Baci to Bacco

Pasta La Vista

Cavaliere Massimo Mannozzi, Bacco
Cavaliere Massimo Mannozzi, who drove Berliners crazy with high end dishes such as home made tortellini.
  • Why it matters

    Why it matters

    • Berlin’s legendary Italian restaurant Bocca di Bacca is about to close its doors.
  • Facts


    • The restaurant, Bacco, has been in business for 49 years.
    • Its long list of celebrity guests ranges from Sophia Loren to German chancellors to the former head of East German intelligence.
    • When Mr. Mannozzi opened his restaurant in 1968, Berliners were largely unfamiliar with fine Italian cuisine.
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He was a pioneer and became a collector of people, a missionary and a legend. Berlin’s restaurant history is unimaginable without Massimo Mannozzi. And now, after 49 years in business, the Cavaliere plans to close Bacco, his restaurant on Marburger Strasse in the Charlottenburg district of western Berlin.

The heavy chestnut wood tables, the Tuscan ceiling woven by basket makers, the wrought iron grates, which were brought to Berlin from Italy in two freight cars when the restaurant opened in 1968, and the worn red carpet – he will leave all of this behind. But he does intend to take the 19 guest books bound in worn leather, the pictures from the walls, the notebook containing 30,000 photos of famous people, and the name “Bacco” home to his eponymous hotel in Tuscany.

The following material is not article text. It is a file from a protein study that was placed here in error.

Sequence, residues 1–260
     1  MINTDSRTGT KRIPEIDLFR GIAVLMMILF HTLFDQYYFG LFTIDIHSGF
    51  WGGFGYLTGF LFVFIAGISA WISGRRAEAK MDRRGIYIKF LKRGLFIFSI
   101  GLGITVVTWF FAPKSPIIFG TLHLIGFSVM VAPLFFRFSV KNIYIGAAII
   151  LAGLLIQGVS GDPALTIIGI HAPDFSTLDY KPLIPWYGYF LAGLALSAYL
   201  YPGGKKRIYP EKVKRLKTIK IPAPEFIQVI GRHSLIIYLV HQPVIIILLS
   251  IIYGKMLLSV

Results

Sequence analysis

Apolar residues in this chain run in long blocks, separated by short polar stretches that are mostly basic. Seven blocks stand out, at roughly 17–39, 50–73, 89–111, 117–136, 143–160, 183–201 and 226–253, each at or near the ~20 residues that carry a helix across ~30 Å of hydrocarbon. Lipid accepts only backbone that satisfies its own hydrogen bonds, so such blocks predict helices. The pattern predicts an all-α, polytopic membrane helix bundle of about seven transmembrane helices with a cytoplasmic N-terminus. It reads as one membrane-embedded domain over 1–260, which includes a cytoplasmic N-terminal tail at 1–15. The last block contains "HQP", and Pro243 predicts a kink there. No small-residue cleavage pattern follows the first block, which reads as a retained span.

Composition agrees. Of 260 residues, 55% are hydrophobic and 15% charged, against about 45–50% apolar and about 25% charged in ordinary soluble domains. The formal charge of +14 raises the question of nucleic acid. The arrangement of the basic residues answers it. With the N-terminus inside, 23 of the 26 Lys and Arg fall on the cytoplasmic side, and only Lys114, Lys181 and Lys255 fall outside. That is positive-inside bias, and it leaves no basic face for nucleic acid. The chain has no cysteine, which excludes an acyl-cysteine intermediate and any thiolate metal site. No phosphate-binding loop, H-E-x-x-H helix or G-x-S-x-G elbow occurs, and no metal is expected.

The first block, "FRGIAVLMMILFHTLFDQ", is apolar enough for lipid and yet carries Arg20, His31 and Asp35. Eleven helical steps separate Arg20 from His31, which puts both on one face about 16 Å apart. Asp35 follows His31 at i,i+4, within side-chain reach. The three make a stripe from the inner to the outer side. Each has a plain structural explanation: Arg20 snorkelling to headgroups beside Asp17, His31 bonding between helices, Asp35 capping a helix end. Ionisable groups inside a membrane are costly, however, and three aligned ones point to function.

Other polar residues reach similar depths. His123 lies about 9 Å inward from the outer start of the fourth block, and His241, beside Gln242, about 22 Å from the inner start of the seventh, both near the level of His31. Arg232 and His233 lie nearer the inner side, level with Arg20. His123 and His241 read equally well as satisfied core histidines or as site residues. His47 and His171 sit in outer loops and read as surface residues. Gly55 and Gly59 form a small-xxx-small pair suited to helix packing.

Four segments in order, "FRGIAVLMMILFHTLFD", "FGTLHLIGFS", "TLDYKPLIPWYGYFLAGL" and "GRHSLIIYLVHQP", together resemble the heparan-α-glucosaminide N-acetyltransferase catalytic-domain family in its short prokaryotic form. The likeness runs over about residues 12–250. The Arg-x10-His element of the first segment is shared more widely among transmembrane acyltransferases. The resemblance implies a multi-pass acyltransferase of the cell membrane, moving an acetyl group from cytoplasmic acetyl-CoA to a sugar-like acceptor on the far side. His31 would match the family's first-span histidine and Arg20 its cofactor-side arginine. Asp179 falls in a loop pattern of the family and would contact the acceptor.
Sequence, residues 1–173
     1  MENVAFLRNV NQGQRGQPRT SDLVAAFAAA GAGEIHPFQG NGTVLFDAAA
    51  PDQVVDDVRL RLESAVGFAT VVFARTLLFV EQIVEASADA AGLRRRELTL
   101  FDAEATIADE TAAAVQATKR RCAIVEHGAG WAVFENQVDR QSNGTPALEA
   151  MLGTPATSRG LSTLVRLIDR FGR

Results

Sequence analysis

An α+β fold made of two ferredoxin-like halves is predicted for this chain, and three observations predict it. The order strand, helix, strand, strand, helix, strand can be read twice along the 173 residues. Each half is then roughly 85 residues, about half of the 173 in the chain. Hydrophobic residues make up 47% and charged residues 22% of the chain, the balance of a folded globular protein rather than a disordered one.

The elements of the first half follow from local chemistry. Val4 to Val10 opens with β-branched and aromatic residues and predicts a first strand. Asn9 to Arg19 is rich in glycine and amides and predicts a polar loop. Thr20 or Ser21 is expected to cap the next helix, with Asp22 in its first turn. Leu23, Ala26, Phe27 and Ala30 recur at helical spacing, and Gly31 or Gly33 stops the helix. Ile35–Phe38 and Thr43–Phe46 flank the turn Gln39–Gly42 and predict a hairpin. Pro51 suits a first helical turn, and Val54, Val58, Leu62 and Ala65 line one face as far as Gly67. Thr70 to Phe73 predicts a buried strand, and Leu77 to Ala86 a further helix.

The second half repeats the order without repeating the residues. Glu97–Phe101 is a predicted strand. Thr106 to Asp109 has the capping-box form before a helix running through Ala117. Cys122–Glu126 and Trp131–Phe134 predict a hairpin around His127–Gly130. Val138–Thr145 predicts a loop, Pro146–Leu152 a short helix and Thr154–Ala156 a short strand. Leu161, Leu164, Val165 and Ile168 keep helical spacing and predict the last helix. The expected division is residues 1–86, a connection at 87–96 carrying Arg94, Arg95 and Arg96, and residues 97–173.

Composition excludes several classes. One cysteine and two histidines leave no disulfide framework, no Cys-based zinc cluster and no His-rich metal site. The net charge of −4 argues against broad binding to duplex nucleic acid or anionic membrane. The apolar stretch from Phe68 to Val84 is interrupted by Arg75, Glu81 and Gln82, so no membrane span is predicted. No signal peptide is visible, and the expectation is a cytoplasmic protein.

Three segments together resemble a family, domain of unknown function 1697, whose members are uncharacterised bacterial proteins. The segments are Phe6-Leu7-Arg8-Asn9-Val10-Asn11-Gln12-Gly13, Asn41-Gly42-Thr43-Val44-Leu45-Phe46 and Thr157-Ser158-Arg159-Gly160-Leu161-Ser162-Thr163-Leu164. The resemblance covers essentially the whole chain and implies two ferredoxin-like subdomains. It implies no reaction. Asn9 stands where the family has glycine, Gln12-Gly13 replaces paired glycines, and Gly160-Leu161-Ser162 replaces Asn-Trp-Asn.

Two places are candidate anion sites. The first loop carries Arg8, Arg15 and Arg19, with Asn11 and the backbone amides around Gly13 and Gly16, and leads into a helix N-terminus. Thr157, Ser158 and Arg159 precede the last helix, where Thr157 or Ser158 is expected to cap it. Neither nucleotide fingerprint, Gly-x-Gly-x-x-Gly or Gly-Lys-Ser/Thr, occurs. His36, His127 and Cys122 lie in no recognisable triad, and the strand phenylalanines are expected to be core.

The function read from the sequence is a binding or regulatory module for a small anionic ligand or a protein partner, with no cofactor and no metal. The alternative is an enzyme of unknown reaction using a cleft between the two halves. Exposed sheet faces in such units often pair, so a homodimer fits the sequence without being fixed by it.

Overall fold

He isn’t severing all ties, though. He will keep his apartment so that he can return to visit his legacy here. His son Alessandro runs another restaurant, Bocca di Bacco, in the trendy Mitte district, and has turned it into the go-to eatery for Hollywood celebrities visiting Berlin.

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